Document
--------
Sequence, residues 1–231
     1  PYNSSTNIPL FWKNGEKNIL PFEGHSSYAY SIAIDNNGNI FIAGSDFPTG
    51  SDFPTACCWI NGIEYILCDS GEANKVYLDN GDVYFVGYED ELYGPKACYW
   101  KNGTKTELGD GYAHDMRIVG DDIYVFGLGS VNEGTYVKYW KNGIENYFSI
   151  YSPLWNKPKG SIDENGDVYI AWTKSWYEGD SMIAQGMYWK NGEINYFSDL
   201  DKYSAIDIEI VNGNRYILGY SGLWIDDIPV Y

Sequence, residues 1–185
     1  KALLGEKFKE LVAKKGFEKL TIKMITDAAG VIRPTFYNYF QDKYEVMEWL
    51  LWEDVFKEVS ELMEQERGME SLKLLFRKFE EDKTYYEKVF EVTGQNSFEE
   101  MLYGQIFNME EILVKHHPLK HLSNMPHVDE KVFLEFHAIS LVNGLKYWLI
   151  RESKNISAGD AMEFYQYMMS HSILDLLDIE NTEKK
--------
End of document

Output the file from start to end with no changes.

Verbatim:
Sequence, residues 1–231
     1  PYNSSTNIPL FWKNGEKNIL PFEGHSSYAY SIAIDNNGNI FIAGSDFPTG
    51  SDFPTACCWI NGIEYILCDS GEANKVYLDN GDVYFVGYED ELYGPKACYW
   101  KNGTKTELGD GYAHDMRIVG DDIYVFGLGS VNEGTYVKYW KNGIENYFSI
   151  YSPLWNKPKG SIDENGDVYI AWTKSWYEGD SMIAQGMYWK NGEINYFSDL
   201  DKYSAIDIEI VNGNRYILGY SGLWIDDIPV Y

Sequence, residues 1–185
     1  KALLGEKFKE LVAKKGFEKL TIKMITDAAG VIRPTFYNYF QDKYEVMEWL
    51  LWEDVFKEVS ELMEQERGME SLKLLFRKFE EDKTYYEKVF EVTGQNSFEE
   101  MLYGQIFNME EILVKHHPLK HLSNMPHVDE KVFLEFHAIS LVNGLKYWLI
   151  RESKNISAGD AMEFYQYMMS HSILDLLDIE NTEKK